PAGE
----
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Vitamin D could be key to opioid addiction

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Why do some people get addicted to opioid painkillers?  It could be to do with their levels of vitamin D, new research suggests.

A deficiency can make some crave opioids, which increases the risk of dependency and addiction, say researchers at the Massachusetts General Hospital.  People with low levels of the vitamin are 50 percent more likely to use opioids in the first place, and this rises to 90 percent in those with a severe deficiency.

Tests on laboratory mice found that their cravings for opioids diminished when they were given more vitamin D.

But what’s the connection? In 2007, researchers discovered that our skin produces endorphin, a hormone chemically related to morphine, heroin and other opioids, when it’s exposed to ultraviolet (UV) rays.  Endorphins are ‘feel good’ hormones that produce a state of mild euphoria.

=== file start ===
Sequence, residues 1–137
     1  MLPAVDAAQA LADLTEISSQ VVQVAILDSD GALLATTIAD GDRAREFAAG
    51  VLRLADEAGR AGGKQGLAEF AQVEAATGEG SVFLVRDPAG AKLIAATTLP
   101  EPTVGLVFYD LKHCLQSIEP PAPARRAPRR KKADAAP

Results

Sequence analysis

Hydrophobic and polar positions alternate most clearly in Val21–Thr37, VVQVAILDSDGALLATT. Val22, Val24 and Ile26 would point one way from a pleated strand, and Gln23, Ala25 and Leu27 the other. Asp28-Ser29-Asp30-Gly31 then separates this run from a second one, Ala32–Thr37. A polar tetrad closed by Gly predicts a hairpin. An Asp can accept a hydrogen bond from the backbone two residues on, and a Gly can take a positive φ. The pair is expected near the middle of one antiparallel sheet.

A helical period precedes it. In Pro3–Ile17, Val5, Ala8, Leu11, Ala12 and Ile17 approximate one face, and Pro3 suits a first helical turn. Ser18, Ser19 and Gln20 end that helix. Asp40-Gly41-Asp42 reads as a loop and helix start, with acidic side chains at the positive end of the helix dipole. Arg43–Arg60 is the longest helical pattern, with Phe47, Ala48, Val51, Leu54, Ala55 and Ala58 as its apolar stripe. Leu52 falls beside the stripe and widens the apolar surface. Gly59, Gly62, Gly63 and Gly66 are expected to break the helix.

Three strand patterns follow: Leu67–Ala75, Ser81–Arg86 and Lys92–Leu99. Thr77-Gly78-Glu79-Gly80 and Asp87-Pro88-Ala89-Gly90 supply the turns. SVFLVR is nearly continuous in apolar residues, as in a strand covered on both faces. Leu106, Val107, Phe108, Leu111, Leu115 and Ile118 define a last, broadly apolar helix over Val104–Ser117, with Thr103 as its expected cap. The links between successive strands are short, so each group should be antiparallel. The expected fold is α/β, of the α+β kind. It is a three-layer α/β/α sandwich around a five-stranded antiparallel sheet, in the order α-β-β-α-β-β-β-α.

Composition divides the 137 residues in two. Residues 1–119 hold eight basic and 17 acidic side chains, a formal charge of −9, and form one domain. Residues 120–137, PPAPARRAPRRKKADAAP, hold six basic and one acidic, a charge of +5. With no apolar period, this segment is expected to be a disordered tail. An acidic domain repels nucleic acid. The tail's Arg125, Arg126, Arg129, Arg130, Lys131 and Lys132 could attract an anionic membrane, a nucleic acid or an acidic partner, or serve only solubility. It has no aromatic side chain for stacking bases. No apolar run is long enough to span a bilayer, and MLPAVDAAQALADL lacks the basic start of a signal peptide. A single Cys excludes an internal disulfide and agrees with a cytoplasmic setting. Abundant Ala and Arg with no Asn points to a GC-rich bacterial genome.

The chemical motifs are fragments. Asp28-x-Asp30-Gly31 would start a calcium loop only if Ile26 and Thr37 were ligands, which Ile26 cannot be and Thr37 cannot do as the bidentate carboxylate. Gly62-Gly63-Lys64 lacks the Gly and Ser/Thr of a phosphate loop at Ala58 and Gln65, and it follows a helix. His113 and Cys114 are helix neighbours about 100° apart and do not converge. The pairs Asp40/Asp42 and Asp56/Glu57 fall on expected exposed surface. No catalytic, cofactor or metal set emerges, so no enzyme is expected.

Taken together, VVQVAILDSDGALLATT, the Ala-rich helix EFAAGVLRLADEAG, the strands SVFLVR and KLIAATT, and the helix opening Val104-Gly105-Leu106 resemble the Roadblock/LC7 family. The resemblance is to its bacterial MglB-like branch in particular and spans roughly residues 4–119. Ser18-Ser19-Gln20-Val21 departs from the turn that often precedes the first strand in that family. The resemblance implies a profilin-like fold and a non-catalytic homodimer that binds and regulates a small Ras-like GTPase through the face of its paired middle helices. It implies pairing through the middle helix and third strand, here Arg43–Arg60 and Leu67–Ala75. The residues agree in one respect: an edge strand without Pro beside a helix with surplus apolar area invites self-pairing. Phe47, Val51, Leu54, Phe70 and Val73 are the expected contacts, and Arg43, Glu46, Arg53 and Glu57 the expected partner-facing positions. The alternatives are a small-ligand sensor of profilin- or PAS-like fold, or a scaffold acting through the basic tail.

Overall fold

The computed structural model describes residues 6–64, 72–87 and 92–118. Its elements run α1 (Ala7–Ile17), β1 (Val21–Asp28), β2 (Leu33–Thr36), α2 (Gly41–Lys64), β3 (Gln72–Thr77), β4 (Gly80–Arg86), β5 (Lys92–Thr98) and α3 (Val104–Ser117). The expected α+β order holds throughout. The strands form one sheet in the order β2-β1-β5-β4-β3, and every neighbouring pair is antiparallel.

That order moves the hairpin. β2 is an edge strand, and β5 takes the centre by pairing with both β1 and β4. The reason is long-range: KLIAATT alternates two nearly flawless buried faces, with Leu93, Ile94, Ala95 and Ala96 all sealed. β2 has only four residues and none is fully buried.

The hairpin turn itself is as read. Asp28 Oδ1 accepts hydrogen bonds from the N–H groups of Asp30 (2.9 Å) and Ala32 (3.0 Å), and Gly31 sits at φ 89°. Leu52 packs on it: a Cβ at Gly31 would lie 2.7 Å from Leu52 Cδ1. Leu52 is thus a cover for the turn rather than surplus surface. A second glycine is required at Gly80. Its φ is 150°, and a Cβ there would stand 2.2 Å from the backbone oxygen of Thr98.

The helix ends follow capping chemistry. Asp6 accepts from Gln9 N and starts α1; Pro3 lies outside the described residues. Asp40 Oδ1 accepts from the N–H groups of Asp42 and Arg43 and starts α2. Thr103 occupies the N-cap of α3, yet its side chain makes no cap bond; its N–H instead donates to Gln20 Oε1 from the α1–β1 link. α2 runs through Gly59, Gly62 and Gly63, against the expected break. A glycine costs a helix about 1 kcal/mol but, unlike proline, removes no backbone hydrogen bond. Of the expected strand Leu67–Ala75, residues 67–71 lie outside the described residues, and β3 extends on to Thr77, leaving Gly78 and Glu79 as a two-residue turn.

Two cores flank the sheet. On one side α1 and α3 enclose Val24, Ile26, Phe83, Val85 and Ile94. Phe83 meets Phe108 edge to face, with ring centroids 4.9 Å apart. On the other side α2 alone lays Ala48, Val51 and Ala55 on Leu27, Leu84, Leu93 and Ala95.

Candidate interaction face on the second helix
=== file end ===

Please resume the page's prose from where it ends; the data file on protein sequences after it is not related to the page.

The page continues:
Craving this endorphin rush could explain why so many of us sunbathe, the researchers surmise, and opioid painkillers provide a substitute when we don’t get enough sunlight and vitamin D stores diminish.

If the theory is right, opioid addiction could be countered with vitamin D supplements—or just getting some warm sun on our skin.

(Source: Science Advances, 2021; 7: eabe4577; doi: 10.1126/sciadv.abe4577)

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Article Topics: Morphine, opioid
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